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Chinese plane crash that killed 132 caused by intentional act: US officials

Chinese plane crash that killed 132 caused by intentional act: US officials

After a precipitous descent from cruise altitude, the China Eastern Airline Boeing 737-800 jet crashed in the mountains of Guangxi in March, killing all 123 passengers and nine crew members on board.

According to the Wall Street Journal, flight data from a black box recovered from a China Eastern Airlines plane that crashed in March reveals that someone in the cockpit deliberately crashed the plane, citing people familiar with US officials’ first assessment.
A Western official told Reuters that the focus is on the crew’s behaviour after a preliminary investigation found no evidence of a technical malfunction.

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The plane’s maker, Boeing, declined to comment and directed any inquiries to Chinese officials. The United States’ National Transportation Safety Board (NTSB) did not respond swiftly.

In March, a Boeing 737-800 aeroplane flying from Kunming to Guangzhou crashed in the Guangxi highlands following a steep drop from cruise altitude, killing all 123 passengers and nine crew members on board. It was mainland China’s deadliest plane crash in 28 years.

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In mid-April, China Eastern resumed flying the 737-800 planes. Despite the fact that the 737-800 has been in service since 1997 and has a stellar safety record, Chinese regulators made no technical recommendations in a summary of their preliminary crash study released last month.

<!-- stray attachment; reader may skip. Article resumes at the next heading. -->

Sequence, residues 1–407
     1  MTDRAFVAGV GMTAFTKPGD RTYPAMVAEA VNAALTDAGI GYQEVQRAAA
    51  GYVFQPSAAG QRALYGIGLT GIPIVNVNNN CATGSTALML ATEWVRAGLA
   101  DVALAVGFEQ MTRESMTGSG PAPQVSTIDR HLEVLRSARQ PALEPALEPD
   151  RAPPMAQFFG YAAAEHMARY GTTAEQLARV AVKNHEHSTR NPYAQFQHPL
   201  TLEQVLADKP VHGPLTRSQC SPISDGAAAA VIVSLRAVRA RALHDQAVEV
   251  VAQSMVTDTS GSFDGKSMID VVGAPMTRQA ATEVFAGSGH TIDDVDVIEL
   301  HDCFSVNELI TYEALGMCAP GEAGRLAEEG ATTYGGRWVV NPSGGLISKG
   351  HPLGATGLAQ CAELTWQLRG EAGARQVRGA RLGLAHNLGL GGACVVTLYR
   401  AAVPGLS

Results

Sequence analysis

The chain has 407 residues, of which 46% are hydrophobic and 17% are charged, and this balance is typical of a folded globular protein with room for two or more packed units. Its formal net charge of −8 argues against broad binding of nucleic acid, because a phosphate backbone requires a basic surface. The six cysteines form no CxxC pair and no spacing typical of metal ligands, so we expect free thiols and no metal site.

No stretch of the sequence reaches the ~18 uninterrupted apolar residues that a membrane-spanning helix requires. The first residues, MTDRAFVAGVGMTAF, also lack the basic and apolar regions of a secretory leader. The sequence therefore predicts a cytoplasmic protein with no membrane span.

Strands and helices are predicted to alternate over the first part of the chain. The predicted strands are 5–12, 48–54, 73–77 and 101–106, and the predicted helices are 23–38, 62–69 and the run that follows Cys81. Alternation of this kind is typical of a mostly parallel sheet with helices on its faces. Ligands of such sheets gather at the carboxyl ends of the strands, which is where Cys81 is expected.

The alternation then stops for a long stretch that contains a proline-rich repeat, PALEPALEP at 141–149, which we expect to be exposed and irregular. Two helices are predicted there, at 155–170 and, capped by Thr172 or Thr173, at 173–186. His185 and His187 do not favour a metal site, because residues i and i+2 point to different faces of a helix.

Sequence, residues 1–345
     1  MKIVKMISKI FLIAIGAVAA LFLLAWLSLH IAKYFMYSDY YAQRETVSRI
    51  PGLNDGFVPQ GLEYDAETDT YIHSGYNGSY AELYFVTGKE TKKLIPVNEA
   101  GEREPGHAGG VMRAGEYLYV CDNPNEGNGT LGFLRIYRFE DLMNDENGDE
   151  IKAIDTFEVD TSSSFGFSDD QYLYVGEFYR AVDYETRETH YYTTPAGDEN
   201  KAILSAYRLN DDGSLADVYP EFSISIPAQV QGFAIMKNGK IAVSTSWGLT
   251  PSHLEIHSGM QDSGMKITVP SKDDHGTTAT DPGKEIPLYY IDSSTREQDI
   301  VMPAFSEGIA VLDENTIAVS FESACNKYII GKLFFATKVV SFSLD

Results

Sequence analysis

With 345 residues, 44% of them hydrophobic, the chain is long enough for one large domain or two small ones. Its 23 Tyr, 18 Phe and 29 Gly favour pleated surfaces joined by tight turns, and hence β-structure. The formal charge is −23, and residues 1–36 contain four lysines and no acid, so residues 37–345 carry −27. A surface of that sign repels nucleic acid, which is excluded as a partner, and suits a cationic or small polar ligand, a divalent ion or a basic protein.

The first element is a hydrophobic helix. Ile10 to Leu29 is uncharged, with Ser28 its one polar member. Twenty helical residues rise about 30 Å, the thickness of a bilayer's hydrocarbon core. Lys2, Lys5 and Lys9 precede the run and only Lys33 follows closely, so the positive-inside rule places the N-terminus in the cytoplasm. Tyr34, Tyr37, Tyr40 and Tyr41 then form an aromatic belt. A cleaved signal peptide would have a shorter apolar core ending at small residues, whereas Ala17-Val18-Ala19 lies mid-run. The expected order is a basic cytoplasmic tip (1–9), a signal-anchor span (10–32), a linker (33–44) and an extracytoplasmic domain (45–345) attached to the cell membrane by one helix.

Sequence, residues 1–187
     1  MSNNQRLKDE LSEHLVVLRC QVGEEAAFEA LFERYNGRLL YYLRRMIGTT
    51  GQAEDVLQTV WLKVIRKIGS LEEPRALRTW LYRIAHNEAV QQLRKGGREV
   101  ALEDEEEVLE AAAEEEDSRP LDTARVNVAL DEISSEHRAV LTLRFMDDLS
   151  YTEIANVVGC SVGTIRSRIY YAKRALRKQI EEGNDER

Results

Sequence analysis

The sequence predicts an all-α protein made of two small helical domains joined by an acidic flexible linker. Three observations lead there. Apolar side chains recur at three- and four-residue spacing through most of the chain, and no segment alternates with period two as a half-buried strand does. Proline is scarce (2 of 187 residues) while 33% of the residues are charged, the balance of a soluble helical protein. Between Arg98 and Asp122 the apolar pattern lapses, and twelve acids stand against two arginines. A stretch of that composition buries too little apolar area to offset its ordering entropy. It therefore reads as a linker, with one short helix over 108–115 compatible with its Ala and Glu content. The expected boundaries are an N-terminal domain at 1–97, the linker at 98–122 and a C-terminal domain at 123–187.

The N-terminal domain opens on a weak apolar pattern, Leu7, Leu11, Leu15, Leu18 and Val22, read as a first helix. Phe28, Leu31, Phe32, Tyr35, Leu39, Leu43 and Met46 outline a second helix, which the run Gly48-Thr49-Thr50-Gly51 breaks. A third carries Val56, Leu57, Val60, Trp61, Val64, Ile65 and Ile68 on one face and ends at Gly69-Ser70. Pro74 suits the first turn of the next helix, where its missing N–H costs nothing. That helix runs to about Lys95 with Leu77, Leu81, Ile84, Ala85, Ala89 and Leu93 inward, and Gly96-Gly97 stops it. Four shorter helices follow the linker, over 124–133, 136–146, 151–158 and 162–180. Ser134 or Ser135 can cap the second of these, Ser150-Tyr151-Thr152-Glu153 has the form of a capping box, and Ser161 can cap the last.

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In a May 10 Reuters interview, NTSB Chair Jennifer Homendy claimed that board investigators and Boeing had come to China to assist the Chinese inquiry. She stated that the study had uncovered no safety hazards that required immediate attention.

If the board has any safety concerns, Homendy said the board will “make urgent safety recommendations.”

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He is an aviation journalist and the founder of Jetline Marvel. Dawal gained a comprehensive understanding of the commercial aviation industry.  He has worked in a range of roles for more than 9 years in the aviation and aerospace industry. He has written more than 1700 articles in the aerospace industry. When he was 19 years old, he received a national award for his general innovations and holds the patent. He completed two postgraduate degrees simultaneously, one in Aerospace and the other in Management. Additionally, he authored nearly six textbooks on aviation and aerospace tailored for students in various educational institutions. jetlinem4(at)gmail.com

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